Saturday, 20 August 2011

A Short History of Remploy

Remploy was set up under the 1944 Disabled Persons Employment Act by Ernest Bevin, who was then minister of labour; to become yet another plank in Welfare State formed by the Atlee government in 1945.

After the Second World War, Clement Attlee's Labour government was not about to repeat the pitiful scenes 30 years earlier of limbless soldiers playing mouth-organs on the streets. 
"One of the finest Acts of Parliament ever put on the statute book is to see that these people are not left like flotsam and jetsam on the beach of society, but are put somewhere where they can be happy and of use to the community," said then Minister of Labour, George Isaacs, on opening the first factory.
So, Remploy was formally founded in April 1945. Its first factory opened in Bridgend, South Wales, in 1946. It made violins and furniture and many of the workers were disabled miners.
'Remploy' was an early brand name which was originally registered by the Ex-Services Employment Corporation.

Derived from 're-employ', the name was adopted by Remploy in 1946. Until then it was called the Disabled Persons Employment Corporation.

At its height Remploy had around 100 factories spread across England, Scotland and Wales, employing over 10,000 disabled workers. The factories produced and manufactured goods and services ranging from, in the early days, violin making and book binding through to furniture making; Remploy workers were skilled covering a wide spectrum of sectors from textiles to motor components.

It was Tory Minister Michael Portillo who kick-started Remploy's decline, when in 1994 he ended a scheme guaranteeing the factories' priority for government contracts. This imposed competitive tendering on the company.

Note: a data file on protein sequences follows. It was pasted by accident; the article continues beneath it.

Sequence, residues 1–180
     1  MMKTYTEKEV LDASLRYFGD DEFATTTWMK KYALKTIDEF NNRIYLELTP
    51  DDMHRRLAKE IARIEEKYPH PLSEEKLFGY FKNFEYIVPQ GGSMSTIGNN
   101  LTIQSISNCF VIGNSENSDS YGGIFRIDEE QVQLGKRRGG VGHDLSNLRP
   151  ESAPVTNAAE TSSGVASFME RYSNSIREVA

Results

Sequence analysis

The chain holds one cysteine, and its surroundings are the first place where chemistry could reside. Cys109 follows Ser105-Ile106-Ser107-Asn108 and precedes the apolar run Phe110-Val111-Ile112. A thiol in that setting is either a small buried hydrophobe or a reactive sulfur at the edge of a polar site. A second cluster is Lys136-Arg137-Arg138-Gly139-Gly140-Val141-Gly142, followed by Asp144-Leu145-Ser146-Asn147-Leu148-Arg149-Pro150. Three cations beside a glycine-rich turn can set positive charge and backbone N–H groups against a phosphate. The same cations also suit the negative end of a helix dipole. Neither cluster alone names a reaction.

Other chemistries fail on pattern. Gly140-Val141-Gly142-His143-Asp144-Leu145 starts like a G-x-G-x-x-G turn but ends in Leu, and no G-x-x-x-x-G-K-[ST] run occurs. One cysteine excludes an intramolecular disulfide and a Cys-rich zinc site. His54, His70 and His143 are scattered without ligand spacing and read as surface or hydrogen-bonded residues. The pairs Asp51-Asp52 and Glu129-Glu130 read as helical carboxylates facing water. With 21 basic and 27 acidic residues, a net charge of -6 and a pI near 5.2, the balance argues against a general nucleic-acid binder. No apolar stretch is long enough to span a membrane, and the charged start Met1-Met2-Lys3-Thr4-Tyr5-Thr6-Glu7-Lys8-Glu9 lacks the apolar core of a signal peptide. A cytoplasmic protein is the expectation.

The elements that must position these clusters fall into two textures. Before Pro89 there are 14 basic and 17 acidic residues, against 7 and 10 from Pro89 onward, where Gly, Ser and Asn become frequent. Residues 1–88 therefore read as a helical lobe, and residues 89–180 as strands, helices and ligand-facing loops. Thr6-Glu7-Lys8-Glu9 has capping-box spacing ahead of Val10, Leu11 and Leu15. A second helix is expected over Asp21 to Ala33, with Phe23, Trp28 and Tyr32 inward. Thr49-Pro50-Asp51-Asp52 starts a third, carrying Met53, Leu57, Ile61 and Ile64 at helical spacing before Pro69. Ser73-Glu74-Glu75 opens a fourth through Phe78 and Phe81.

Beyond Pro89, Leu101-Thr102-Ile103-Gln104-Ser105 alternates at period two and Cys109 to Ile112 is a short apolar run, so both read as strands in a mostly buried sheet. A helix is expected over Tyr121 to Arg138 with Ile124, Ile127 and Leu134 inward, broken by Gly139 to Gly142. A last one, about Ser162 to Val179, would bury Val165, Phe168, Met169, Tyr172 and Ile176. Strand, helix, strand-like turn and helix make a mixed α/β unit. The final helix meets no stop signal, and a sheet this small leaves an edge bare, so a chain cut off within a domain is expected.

By 1995 Peter Thurnham, a then Tory MP who crossed the floor to the LibDems in 1996, wrote a paper calling for Remploy to be taken under the private sector umbrella, where he felt it would be more successful.

Down the years the Trade Union Consortium has lobbied successive governments complaining about the quality and commitment of the people running Remploy.

Here is an  example of a squandered opportunity:
 A few years ago Mike Eavis (the Glastonbury Festival site owner) wanted to source the t-shirts locally. In collaboration with the trade unions, he offered one of Remploy's Cornwall sites a £1 million-pound contract. Remploy prevaricated about it for a long time. When challenged, a Remploy board member complained about the £50,000 set-up costs!
In late 1999 Remploy announced it was going to merge a number of its factories and close others. Anything up to 20 sites were to be affected. On a cold February afternoon around 60 Remploy workers and trade union activists from around the country assembled outside Parliament and held a 24-hour vigil.

Though few in number we made our presence felt. MP after MP came out to us to give support and solidarity to our cause. John Snow, Channel 4 newscaster, stopped and spoke with us for half-an-hour. Within a few days of the protest a moratorium was placed on the closures - Remploy was safe for the time being.